Dave Sather's Money Matters: Leverage is still a ticking time bomb
Nov. 1, 2011 at 6:01 a.m.
By Dave Sather
Monday's announcement that MF Global filed for bankruptcy came as no surprise to those in the financial world. To those outside of it, this filing is another sad reminder of what happens when smart men do stupid things.
MF Global held distinction in the financial community as one of only 22 firms who were primary dealers for the U.S. Treasury - meaning they had special permission to bid directly on behalf of their clients during Treasury auctions, as well as help the Federal Reserve carry out monetary policy.
Now, they are no more. Their $41 billion bankruptcy makes it the eighth largest in U.S. history.
At the heart of the bankruptcy filing is the fact that Jon Corzine, MF Global's CEO, made a large bet that would pay off handsomely if Greece and other European countries selectively defaulted on some of their debt obligations to other nations.
Fundamentally, we agree with Corzine's logic - Greece should be in bankruptcy as we speak.
However, unexpected things often happen with even the best laid plans.
Instead of Greece selectively defaulting, all of the countries that have lent Greece money have voluntarily agreed that Greece should only pay back about half of the money that is owed.
Because this is a "voluntary" agreement amongst the lenders to Greece, the technical definition of default has not triggered and therefore the investment that MF Global made did not pay off.
Why then would this cause MF Global to file for bankruptcy? One word answers it all: debt.
Not only did Corzine bet big, but he did so with borrowed money - so much so that for every dollar of equity they had in their firm, they had another $40 dollars of borrowed money.
This is massive leverage - reminiscent of the magnitude that Lehman Brothers had prior to their collapse in 2008. In our opinion, 2008 should be fresh in our collective memories. Furthermore, Corzine, who was also the former head of Goldman Sachs and the former Governor of New Jersey, should have known better.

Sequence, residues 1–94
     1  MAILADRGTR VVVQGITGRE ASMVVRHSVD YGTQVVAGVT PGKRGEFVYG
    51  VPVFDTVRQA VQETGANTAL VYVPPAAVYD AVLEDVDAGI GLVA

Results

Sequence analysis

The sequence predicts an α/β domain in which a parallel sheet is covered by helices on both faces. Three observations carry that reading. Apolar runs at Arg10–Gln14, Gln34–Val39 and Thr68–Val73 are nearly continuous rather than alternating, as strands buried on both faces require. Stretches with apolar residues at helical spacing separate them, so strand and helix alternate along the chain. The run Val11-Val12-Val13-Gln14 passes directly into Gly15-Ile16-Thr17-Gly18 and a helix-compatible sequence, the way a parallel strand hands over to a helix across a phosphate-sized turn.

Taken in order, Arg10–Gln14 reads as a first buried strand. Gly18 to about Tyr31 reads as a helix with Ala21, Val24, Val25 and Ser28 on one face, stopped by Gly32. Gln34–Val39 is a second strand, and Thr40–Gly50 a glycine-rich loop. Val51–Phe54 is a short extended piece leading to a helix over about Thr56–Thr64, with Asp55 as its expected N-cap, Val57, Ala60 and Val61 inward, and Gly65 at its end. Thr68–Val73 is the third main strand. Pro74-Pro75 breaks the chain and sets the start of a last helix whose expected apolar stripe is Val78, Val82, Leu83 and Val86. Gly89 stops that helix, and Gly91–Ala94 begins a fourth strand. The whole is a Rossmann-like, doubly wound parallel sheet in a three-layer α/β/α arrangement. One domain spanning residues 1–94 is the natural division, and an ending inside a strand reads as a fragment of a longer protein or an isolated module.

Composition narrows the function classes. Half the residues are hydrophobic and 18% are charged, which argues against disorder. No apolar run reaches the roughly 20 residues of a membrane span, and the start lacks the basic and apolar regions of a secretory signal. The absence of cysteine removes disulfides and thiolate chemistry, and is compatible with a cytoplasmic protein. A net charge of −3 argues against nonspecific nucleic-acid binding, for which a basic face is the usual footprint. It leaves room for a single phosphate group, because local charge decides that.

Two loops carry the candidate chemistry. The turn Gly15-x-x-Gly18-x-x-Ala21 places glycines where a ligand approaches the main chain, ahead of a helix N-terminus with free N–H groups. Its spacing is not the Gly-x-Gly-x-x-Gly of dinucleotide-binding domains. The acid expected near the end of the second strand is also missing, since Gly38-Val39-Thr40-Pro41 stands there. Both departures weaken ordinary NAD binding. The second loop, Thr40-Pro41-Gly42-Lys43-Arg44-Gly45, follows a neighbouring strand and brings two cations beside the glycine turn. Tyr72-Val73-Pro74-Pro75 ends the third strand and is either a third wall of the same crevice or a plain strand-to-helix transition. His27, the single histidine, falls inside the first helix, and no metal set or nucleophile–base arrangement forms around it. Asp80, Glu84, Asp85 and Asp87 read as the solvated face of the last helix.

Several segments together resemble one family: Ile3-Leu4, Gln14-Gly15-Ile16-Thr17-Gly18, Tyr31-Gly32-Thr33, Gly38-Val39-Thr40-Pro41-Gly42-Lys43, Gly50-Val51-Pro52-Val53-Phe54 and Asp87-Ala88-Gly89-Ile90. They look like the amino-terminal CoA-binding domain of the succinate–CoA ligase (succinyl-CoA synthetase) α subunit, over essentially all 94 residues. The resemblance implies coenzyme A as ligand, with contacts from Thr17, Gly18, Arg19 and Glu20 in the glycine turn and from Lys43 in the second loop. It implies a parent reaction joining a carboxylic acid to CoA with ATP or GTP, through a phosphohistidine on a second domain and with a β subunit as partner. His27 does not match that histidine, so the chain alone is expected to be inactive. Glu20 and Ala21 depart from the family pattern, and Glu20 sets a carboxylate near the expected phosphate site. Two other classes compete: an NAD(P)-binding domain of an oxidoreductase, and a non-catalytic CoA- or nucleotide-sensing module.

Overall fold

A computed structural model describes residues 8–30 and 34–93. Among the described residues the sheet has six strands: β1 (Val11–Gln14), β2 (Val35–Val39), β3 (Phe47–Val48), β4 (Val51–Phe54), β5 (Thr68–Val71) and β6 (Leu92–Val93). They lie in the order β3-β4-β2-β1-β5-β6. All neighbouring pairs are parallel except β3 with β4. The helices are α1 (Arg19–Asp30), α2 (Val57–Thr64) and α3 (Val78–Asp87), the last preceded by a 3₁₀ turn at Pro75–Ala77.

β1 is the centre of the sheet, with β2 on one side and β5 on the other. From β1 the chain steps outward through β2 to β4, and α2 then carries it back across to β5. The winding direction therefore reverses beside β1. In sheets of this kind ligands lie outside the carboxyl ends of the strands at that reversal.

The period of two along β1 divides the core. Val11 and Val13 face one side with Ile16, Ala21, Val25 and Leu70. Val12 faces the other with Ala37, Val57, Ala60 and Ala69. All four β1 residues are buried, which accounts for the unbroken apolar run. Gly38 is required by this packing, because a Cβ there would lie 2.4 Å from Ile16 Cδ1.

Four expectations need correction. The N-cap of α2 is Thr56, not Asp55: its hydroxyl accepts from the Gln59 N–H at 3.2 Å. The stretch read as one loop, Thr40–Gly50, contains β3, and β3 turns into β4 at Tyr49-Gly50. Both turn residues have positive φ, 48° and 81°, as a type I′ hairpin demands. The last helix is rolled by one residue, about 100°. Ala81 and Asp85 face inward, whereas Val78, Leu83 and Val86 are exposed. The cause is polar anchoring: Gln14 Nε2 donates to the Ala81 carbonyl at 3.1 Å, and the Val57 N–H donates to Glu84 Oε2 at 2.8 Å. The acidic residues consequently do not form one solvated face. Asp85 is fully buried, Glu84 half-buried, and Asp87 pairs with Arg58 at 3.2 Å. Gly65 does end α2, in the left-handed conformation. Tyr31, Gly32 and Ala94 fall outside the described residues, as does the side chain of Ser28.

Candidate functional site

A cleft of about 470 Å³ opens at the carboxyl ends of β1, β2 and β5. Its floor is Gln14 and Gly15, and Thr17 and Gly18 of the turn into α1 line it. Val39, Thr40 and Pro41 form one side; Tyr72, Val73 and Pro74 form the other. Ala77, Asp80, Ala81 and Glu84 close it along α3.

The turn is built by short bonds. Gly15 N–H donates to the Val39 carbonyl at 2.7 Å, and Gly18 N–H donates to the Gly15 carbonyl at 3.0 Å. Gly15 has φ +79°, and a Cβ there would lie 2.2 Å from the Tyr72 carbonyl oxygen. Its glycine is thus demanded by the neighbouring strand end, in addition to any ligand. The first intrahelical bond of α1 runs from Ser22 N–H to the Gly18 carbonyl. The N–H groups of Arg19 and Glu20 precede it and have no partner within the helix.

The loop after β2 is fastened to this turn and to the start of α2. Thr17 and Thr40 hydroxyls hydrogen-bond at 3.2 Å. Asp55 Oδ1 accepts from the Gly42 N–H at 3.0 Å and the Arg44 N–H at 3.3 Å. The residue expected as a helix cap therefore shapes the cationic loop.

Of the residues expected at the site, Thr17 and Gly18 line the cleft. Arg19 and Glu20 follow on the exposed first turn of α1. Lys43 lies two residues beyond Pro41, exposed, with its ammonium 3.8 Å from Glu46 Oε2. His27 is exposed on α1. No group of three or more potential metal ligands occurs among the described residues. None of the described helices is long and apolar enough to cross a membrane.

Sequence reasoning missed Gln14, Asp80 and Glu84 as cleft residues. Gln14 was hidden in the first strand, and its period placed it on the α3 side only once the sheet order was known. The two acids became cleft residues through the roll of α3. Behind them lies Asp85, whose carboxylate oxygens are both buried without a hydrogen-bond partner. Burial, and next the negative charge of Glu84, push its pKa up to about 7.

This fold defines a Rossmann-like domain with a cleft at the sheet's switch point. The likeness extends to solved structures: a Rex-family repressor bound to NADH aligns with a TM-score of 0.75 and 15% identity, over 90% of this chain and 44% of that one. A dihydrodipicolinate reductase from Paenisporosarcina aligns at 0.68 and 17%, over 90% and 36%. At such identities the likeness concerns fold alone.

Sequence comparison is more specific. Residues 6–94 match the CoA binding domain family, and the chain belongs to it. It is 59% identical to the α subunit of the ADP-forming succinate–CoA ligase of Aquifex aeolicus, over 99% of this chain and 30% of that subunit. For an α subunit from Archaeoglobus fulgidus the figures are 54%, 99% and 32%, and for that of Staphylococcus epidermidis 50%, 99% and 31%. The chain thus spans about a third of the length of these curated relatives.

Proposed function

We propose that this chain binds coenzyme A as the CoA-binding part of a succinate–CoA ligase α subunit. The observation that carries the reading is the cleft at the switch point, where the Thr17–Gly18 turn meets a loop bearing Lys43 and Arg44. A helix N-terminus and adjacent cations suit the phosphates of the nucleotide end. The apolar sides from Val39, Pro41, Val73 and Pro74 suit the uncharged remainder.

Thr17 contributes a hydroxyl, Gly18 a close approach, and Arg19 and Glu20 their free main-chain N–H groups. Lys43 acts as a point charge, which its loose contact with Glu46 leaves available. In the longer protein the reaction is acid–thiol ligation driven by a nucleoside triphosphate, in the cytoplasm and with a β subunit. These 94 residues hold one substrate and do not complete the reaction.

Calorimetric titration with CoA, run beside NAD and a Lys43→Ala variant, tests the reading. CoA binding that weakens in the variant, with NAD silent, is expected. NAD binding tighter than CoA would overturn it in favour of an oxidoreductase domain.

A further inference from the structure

This brings us back to some lessons on debt that should never be forgotten:
1. Debt does not make a person right or wrong, it simply magnifies the extent to which we are right or wrong.
2. No matter how solid our logic is, short term disruptions can derail even the best of plans when we borrow too much money.
3. You should never borrow money in such an extent that it can wipe out everything that you have worked a lifetime to earn. In other words - in order to finish first, you must first finish the race.
4. As an investor, make sure the investments you have can honor their commitments - not only interest payments, but also principal payments.
5. As a borrower, don't borrow more than you can easily cover. Don't borrow the absolute maximum allowable as that requires that things always work perfectly - which they never do.
6. Often, companies that borrow large sums of money get their credit lifeline yanked out from under them at the worst possible time. Once this happens, the game is over.
Corzine is a rather wealthy man - and a supposedly intelligent man too. Unfortunately, he got greedy playing with other people's money and bet the farm. Not only did he drive his company into bankruptcy, but now many innocent employees of MF Global are severely affected by Corzine's foolishness.
Dave Sather is a Victoria Certified Financial Planner and owner of Sather Financial Group. His column, Money Matters, publishes every other week.